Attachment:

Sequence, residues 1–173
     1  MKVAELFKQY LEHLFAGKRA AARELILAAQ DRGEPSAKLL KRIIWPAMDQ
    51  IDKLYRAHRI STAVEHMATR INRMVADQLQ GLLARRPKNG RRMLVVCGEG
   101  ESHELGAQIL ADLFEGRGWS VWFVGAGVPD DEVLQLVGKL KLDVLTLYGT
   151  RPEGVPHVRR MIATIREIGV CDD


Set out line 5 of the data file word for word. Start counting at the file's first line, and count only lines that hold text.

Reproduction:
   151  RPEGVPHVRR MIATIREIGV CDD